In these verses as we see the churches life Luke is not giving us a blueprint but he is showing us the rhythms of the churches life, rhythms the church are devoted to. The first rhythm we see teh church is committed to is Living with Jesus as Lord and Messiah
If you think of church as being like a bike wheel what is at the hub, at the centre? In early church we see that it’s Jesus. v42 “They devoted themselves to the Apostles teaching and to fellowship, to the breaking of bread and to prayer. Everyone was filled with awe at the many wonders and signs performed by the Apostles.”
Peter has just proclaimed Jesus as Messiah and Lord and 3000 believe and are baptised. Convicted of their sin, their rejection of God’s Messiah, and amazed at the grace on offer in Christ crucified but resurrected they believe and publicly confess that in baptism. Now Luke wants us to see what comes next – they join the church where they learn what it means to live with Jesus as Lord and Messiah.
They devote themselves to it, this isn’t a quick decision, this is a change of king. This decision transforms the whole of their lives. They deliberately and intentionally prioritise knowing more of Jesus. To hearing more of how Jesus fulfils the Old Testament, how every promise and picture points to him. To hearing more of what it means to be filled with the Holy Spirit enabled to enjoy life as God’s adopted child. To hearing more of what Jesus taught, what he did and what it means to follow him. The hungry church fall on the Apostles teaching like starving children on a meal after a day of play.
They aren’t just listening to Bible teaching and coolly and critically evaluating its quality, or admiring its effectiveness. They’re hungrily devouring it. They aren’t just interested in Bible teaching but they’re Bible hungry Bible learning Bible transformed people. They get that these are the very words of life as the apostles teach them what Jesus taught and did.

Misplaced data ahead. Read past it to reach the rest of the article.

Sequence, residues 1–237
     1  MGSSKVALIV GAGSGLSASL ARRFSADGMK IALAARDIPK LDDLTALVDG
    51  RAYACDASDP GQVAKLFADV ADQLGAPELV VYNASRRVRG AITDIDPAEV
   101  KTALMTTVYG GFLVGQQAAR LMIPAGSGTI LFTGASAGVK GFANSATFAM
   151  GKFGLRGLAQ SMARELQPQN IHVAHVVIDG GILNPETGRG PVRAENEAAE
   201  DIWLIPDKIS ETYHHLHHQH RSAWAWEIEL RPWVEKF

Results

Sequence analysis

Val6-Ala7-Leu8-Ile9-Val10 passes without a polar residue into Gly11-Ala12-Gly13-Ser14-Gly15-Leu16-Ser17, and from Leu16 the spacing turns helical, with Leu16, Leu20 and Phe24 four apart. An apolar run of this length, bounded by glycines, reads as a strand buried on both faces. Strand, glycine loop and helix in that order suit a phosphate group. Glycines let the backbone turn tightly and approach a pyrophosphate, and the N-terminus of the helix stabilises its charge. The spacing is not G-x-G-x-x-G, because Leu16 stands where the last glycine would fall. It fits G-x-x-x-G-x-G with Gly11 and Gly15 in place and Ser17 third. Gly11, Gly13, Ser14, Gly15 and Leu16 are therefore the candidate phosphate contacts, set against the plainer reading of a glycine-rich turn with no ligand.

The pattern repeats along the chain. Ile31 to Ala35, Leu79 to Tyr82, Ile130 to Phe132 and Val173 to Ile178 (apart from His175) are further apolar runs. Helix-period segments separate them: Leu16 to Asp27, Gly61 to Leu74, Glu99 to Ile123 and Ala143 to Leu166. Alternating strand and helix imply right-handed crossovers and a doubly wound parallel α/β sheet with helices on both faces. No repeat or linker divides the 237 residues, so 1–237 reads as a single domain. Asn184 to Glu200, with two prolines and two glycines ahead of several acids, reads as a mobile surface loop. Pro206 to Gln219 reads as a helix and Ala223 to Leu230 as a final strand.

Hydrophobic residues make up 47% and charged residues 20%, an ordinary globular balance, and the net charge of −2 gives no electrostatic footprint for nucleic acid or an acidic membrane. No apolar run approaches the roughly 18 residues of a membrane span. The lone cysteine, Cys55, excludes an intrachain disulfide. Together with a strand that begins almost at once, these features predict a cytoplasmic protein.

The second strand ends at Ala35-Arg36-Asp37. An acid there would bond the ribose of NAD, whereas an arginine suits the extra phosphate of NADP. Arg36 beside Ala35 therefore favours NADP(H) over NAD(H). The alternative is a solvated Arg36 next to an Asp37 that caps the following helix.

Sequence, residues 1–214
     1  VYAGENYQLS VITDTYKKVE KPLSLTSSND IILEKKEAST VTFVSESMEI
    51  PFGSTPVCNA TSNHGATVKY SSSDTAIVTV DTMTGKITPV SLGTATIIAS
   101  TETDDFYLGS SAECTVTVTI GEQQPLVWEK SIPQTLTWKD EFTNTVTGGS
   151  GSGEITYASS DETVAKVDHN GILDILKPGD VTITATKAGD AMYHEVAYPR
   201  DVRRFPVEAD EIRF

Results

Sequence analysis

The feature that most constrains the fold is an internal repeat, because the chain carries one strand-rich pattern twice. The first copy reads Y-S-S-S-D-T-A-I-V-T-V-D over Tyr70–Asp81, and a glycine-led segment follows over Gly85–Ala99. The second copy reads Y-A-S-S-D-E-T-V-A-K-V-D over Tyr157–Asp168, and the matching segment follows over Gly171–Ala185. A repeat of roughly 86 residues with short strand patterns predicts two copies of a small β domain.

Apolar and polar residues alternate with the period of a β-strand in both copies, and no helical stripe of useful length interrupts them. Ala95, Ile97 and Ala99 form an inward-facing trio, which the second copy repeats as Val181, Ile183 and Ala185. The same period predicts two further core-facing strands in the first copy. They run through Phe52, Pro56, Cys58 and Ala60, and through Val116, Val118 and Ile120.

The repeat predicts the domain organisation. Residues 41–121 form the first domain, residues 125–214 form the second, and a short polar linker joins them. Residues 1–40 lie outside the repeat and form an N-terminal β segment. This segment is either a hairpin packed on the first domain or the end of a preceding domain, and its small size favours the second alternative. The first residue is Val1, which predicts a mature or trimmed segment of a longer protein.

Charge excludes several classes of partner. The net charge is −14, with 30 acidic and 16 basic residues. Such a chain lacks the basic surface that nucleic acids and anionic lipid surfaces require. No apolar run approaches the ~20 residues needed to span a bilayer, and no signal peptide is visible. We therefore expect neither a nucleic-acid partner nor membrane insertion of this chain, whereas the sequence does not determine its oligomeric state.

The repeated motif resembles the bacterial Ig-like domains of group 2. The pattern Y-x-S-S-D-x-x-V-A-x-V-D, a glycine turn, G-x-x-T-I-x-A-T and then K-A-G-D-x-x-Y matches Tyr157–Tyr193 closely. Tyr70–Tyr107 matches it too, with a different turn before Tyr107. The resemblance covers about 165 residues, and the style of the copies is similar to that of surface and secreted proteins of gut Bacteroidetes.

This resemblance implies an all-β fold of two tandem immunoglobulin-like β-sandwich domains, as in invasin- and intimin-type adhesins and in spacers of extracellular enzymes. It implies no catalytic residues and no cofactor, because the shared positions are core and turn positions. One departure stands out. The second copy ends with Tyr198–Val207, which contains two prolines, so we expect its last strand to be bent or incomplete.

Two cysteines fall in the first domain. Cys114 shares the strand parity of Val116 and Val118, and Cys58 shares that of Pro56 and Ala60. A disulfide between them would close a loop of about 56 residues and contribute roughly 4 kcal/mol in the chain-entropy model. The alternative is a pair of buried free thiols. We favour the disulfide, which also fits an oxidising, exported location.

And just as God proved that Jesus words were from him, just as he verified Jesus identity as his Son through signs and wonders. So he does with the Apostles, verifying their authority and teaching through the wonders and signs they do. And the church is filled with awe – amazed at God at work and rightly responsive to God’s word.
They are devoted to remembering Jesus, not just in his teaching but in his sacrifice. They break bread together, now that’s a term used for sharing meals, but as part of such meals they would often share the Lord’s Supper. They were devoted to remembering Jesus death and resurrection and all that he had done for them. Forgiveness for the past, uniting them together in the present and securing their resurrection future.
And as they drink in Jesus words, as they remember what he’s done and who he’s made them, they also pray. God’s adopted children doing what comes naturally to children with a gracious loving Father. Approaching him, talking to him, opening their hearts to him, responding to him, dependent upon him.
Jesus is at the centre of His church. They are living with him as Lord and Messiah, learning from him, remembering him, and making the most of the relationship he has won for them and us with his Father through the Spirit.
Do you see the rhythm? It’s worth us just pausing to think about what this is teaching us.
The Holy Spirit creates the church as the place for believers to thrive in, to grow in, and to find joy in. The church is the natural environment for the believer. To be a Christian outside of the Church is like being a fish out of water. Why would you opt out of God’s given environment for your flourishing? Now no church is perfect. Even church in Acts isn’t perfect as we’ll see in coming weeks. But imperfection isn’t a reason to leave church, it’s a reason to apply the gospel to your heart and to others in the church. It’s a reminder to keep Jesus central, to feast on his forgiveness and share it with others, and grow and understand more of what it means to follow Jesus. And to pray that God would transform us together as we bear with one another.
There’s no such thing as a nominal follower of Jesus. You wouldn’t describe a nominal Christian as being devoted, therefore you’re not describing a Christian if that isn’t part of the description, or at least not a healthy Christian. A healthy Christian can’t take or leave these things, they can’t be indifferent to them. It’s worth pausing to ask; am I devoted to these things? The gospel of God’s devoted love for us, which cost him his Son, should inspire devotion in us. And if we find its missing, or waning we need to go back and read what Jesus has done for us, be reminded again of his devotion to is Father and us which Peter proclaims.
Are we keeping Jesus central? Are we learning from him? Not just hearing Bible teaching, but applying it to our lives together and as individuals? Are we thirsty for it? Are we keeping Jesus sacrifice and our new identity central? Are we remembering it often enough? Does it define the way we relate to others? Is prayer part of our life together?